Answering “Questions Christians Can’t Answer” #38 Opulence of Heaven?

This article is a continuation of the series which examines the “Top 50 Questions Christians Can’t Answer“, one question at a time.

In order to understand today’s question, it should be mentioned that the previous question, #37, essentially asks why there are wealthy Christians if Jesus said it was difficult for rich people to enter the kingdom, and said that they should give all they had to the poor. The questioner essentially says that Christianity is inconsistent if rich people are both Christians and rich. Now examine question #38:

If wealth is bad, why is Heaven opulent?

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38 – Building upon the previous question, if it is almost impossible for the rich to enter the kingdom of heaven, then why would God create heaven as having pearly gates, streets of gold and many mansions?  It sounds like he wants us to be poor in life so that we will want to be rich in the afterlife, maybe? Is God using the sinful value of greed to attract humans to believe in him? Does that make any sense whatsoever? 

Firstly, it is worth stating that the passage to which this question refers in regards to “many mansions” (John 14:2-3), was a bit of a superlative on the part of some translators. Most translations render the Greek word, μοναὶ, as “rooms” or “dwelling places,” which is a more accurate translation of the word. No doubt the translators of the KJV were interested in making the statement a bit more grandiose.

In all likelihood, Jesus was referencing the chambers that occupied the temple walls which had been built for the priests serving in the temple – essentially saying that Jesus was going to prepare a “τόπον” – station of ministry – for them, and that there are chambers for them to occupy in service to God.

If the primary evangelical tool used in scripture was to lure people after God with promises of wealth, this question might have traction. However, this is not the kind of preaching seen in scripture. Jesus commands his disciples to leave everything to follow him. No promise of wealth is given in this command, rather, it is a promise of relationship.

The concepts of pearly gates and streets of gold are almost certainly metaphorical. But even if these things were literal, they belong to God, not to the people he brings into heaven. The concept of going to heaven is not one of looting and sacking those things which are rightfully God’s. Indeed, what would the glorified human do with the gold once they had it?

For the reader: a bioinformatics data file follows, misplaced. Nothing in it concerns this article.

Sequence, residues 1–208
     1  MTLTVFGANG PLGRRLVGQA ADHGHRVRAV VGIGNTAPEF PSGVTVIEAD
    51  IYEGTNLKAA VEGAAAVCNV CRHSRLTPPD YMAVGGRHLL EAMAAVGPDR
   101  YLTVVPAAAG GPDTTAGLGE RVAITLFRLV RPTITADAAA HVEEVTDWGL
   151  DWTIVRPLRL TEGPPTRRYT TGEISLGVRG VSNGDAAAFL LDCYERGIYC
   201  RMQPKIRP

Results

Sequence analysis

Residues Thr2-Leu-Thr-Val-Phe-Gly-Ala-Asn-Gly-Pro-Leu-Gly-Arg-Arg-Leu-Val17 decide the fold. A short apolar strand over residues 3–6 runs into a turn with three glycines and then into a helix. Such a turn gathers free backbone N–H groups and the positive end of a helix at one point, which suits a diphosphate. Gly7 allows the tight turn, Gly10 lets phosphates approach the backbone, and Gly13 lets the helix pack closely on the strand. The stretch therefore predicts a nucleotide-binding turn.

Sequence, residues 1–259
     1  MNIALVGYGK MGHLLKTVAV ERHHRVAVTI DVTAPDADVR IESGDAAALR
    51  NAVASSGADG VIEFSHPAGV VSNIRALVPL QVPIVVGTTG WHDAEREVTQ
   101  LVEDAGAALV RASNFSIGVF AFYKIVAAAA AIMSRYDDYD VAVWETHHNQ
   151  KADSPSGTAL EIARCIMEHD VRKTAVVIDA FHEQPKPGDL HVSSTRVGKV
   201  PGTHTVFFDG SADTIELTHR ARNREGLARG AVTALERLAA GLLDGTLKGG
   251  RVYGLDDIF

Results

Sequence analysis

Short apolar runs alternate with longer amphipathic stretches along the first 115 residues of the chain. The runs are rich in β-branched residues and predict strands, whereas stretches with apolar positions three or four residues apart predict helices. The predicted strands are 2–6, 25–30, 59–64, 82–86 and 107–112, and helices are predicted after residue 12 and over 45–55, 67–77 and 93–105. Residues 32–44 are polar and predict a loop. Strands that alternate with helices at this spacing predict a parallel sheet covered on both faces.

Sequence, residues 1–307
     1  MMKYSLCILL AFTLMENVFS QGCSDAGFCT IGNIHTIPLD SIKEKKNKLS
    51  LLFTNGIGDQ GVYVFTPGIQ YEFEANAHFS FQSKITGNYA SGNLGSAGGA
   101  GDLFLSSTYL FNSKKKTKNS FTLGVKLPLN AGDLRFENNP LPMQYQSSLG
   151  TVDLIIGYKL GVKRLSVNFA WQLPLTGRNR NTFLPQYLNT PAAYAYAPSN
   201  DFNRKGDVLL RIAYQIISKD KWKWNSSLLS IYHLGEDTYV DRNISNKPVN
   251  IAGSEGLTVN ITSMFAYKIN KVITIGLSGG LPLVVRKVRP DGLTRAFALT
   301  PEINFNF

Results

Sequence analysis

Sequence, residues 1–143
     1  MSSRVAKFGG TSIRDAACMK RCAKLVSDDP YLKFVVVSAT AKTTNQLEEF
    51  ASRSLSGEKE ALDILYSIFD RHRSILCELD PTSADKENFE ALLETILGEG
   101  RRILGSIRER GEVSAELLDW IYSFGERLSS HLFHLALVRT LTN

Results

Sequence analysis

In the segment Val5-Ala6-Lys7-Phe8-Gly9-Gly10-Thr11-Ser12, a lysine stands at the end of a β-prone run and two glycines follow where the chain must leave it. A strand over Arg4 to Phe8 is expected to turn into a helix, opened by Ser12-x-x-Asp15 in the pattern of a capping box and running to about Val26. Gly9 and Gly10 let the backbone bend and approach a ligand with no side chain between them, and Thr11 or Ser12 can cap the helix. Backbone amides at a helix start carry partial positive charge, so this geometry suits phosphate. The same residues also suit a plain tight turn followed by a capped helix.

Jesus tells the rich young man to give all his money to the poor and then he “will have treasure in heaven.” Elsewhere, Jesus tells his followers to “lay up your treasures in heaven.” So what of these heavenly treasures? Consider the following passage:

They cast their crowns before the throne, saying, “Worthy are you, our Lord and God, to receive glory and honor and power, for you created all things, and by your will they existed and were created.”

Note that this passage says that Christ “created all things, and by [his] will they exist.” All treasure belongs to God, and whatever gifts a person receives from God are, at best, on loan from their Creator. Apparently, by this passage, those treasures are given right back to Christ. Any good work performed by a Christian on earth is entirely owing to the fact that Christ has redeemed that person. Consequently, any honor that Christian might thereby obtain is rightfully given back to Christ. Not because they are required to do so, but because they want to do so. They have obtained heaven due to their love of Christ, and so they truly desire to pay him the honor he is due. C.S. Lewis illustrates it this way: Say that a child wishes to purchase a gift for his father. In order to do so, he must borrow the money from his father, since – as a child – he has no other source of wealth. After buying the gift he gives it to his father. His father is no richer for having gained the gift, since it was his money that purchased it. The importance of this act was the love that it reflects between the father and the son.
God promises to give the resurrected Christian a single stone with “a new name” known only to him. This new name that God gives the believer is the only possession in heaven that can be said to truly belong to them, and it is a treasure of relationship – not of material wealth.

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